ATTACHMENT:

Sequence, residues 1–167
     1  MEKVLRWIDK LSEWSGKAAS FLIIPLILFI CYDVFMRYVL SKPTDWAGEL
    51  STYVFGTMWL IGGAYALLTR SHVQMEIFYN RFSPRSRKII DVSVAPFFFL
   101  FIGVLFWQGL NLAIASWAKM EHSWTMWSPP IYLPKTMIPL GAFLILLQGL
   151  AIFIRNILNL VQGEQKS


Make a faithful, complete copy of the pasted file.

Sequence, residues 1–167
     1  MEKVLRWIDK LSEWSGKAAS FLIIPLILFI CYDVFMRYVL SKPTDWAGEL
    51  STYVFGTMWL IGGAYALLTR SHVQMEIFYN RFSPRSRKII DVSVAPFFFL
   101  FIGVLFWQGL NLAIASWAKM EHSWTMWSPP IYLPKTMIPL GAFLILLQGL
   151  AIFIRNILNL VQGEQKS